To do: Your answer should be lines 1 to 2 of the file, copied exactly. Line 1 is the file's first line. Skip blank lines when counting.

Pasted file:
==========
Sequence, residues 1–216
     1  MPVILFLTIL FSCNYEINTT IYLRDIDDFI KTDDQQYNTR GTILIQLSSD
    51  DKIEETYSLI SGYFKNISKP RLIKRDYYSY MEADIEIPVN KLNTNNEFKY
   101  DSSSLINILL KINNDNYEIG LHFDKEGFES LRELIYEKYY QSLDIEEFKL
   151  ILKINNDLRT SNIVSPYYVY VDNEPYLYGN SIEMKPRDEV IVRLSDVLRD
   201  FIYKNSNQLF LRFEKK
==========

Sequence, residues 1–216
     1  MPVILFLTIL FSCNYEINTT IYLRDIDDFI KTDDQQYNTR GTILIQLSSD